I only care about helping the 1% of the population that is over 6' 2", which again you are not. I do find it hilarious that someone who is not tall is again attempting to dictate to those of us who are very tall.  You are literally the problem with the industry. Fit in this box because that's all I know....don't go outside what the chart says.

I can guarantee you those shorter drivers Titleist, Callaway and Cobra are releasing this year are not meant for the exceptionally tall.  Honestly the OEM's are not concerned with us.


There again, Kutcher.  Professional tour player, shorter driver, flat swing. And he's what? 6'4"?  You can't pick and choose here, and he's still flatter than a lot of people.  Again, the facts aren't facts as you say are.  You are trying to turn "you" into "us" and "we".  That math doesn't work. The same was already discussed in the other thread that's currently in the "cooler". You just refuse to accept it for what it is because it disagrees with your opinions on it. That's fine, you are entitled to do that, still doesn't make it true.

Pot call kettle? Might want to look at some of your previous posts.  You are trying to force your opinions as fact and that other know nothing about what they are talking about, literally the exact same thing as you are accusing others of doing.  I do find that to be pretty entertaining.
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#72 rybo

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Posted 17 November 2016 - 09:28 PM

In no way am I attempting to turn me into us. The fact is taller people need longer clubs. Will there be exceptions to this like kuchar....absolutely. The facts are tall people have higher shoulders and higher WTF measurements, this dictates the need for longer clubs to accommodate their proportions.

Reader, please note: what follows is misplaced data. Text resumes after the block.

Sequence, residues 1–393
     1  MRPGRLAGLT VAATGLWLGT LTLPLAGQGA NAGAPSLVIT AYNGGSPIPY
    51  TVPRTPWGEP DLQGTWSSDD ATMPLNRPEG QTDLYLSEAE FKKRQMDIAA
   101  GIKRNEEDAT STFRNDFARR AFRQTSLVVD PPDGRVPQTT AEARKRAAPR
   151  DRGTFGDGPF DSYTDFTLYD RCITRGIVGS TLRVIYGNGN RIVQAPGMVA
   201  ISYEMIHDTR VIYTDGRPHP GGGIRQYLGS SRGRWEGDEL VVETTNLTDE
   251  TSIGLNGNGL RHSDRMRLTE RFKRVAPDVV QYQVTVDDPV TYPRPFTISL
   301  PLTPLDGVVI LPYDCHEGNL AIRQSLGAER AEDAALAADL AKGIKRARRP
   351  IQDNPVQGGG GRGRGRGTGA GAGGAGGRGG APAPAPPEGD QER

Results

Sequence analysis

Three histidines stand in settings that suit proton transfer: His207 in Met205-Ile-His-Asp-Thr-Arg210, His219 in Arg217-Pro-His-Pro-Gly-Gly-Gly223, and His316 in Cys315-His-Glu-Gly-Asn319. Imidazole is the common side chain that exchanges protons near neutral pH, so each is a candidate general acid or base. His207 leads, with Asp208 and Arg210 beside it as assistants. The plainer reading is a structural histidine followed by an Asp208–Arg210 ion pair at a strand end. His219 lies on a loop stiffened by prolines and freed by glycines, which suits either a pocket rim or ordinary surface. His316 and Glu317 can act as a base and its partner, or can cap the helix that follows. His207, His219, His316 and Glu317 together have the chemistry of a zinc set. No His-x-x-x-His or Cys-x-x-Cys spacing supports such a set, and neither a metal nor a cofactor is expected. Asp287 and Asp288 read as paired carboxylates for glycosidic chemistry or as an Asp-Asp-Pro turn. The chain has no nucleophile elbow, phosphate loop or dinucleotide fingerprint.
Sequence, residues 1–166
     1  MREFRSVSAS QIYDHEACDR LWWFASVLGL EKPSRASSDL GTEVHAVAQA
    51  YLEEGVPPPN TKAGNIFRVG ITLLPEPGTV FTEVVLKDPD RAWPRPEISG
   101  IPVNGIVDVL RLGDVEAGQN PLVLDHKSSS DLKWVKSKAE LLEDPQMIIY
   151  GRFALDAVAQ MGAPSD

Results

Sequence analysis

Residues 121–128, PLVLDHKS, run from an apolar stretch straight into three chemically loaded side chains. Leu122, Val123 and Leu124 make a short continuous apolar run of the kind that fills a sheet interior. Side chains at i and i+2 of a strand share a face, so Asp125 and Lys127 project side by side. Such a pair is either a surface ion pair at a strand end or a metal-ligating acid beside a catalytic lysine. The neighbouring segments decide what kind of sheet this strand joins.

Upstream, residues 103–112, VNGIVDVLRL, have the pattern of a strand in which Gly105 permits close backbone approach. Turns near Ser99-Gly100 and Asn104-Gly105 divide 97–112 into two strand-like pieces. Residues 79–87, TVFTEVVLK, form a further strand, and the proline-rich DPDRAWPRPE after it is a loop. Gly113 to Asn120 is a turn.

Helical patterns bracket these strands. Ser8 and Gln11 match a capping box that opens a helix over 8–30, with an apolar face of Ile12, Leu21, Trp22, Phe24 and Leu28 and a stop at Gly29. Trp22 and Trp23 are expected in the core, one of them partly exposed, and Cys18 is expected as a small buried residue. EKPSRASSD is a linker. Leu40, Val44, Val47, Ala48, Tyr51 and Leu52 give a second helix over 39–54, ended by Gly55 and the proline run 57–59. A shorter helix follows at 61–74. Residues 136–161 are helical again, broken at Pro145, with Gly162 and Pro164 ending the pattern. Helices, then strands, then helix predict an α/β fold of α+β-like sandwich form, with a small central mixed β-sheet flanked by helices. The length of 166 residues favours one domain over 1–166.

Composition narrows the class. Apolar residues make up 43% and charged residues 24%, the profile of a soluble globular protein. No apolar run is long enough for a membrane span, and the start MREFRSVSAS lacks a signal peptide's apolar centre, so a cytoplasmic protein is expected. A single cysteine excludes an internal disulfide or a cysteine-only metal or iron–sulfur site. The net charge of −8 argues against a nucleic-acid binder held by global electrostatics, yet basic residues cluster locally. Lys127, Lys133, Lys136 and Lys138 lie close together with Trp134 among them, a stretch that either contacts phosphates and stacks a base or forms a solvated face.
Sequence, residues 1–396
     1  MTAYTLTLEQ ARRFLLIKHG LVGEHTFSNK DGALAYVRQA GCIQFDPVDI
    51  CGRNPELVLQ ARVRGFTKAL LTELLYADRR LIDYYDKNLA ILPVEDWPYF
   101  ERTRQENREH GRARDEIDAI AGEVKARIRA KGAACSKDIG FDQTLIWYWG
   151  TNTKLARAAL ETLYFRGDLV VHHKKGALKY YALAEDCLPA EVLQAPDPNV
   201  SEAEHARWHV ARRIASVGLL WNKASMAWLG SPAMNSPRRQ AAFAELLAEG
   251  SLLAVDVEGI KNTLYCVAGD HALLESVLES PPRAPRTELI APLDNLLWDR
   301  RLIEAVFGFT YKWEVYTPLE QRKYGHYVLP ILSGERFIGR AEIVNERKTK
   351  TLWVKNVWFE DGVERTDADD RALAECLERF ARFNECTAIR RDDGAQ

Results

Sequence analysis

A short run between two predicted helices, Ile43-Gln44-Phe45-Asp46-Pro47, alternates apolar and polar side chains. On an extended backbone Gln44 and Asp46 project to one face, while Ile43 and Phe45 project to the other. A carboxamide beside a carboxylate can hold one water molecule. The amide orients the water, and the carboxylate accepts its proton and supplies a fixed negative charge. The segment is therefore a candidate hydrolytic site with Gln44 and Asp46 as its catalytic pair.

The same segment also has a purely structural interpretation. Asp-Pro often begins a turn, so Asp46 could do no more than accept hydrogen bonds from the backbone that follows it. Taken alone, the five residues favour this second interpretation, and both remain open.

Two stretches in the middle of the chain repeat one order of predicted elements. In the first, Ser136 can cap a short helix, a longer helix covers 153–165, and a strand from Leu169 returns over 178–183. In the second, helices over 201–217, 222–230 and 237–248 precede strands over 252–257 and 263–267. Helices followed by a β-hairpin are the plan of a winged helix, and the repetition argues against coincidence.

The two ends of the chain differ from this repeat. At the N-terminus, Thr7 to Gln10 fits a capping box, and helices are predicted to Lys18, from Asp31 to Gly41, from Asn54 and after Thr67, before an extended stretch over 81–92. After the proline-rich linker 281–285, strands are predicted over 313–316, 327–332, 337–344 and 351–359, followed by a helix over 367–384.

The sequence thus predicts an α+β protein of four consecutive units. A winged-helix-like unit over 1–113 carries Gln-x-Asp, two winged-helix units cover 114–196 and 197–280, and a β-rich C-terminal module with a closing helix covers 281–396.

Not sure what math you think doesn't work, but this most definitely works.

I refuse to accept it because the paradigm is incorrect. I have lived the paradigm for 35 years of golfing life. The paradigm is broke and needs to change!  Give tall golfers the length they need. Why is this such a problem for you?  It literally makes zero sense that an exceptionally tall individual would not need a longer club.

It's so frustrating that in other sports I get equipment appropriate for my size.  Cycling and skiing are my two other sports I do, and I have no issue getting appropriately sized equipment.   Golf it's like pulling teeth and I have to give up my first born. Rediculous!

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#73 forefrazier

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Posted 17 November 2016 - 09:37 PM

FWIW:

I am 6'-5" and have read through most of the other threads as well as following this one. I very much appreciate what Rybo is putting out here for us tall folks to digest. He has ideas that might work or make golf more enjoyable for us...Why is that a bad thing? Not even a little bit of feeling from me when reading his IDEAS (Who cares if they are FACTS or not) that he is trying to force anything on anyone. We can decide if we might want to try it out or not.

There of course are always going to be the few that are more engineering minded and don't want any creative change. Must do all things by the numbers and everything has to be absolutes and facts.

Really hope this doesn't turn into one for the Cooler as I quite enjoy the reading and hope to experiment with longer lengths a bit myself, especially in the shorter irons.

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#74 Golfrnut

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Posted 17 November 2016 - 09:50 PM

You just spent half your thread trying to prove to me that length and lies are an illusion in fitting...none of past though processes are worth anything to the tall golfer.  Anyone who disagrees has no understanding or idea what they are talking about. "We" are what's wrong with the industry. Too short of clubs cause upright swing planes. Anyone over 6'2" doesn't fit into the current system. Less than standard length drivers cause toe down conditions for tall people. Changing the lie angle will just make them steep. The list goes on. All this sound familiar?

I just debunked it all with one guy...one guy

My point is...your proof wasn't proof.  Height doesn't "dictate" anything in this. That would be like saying there is a standard. There isn't, never will be. There is what works and what doesn't work...and it's dependent on the idividual.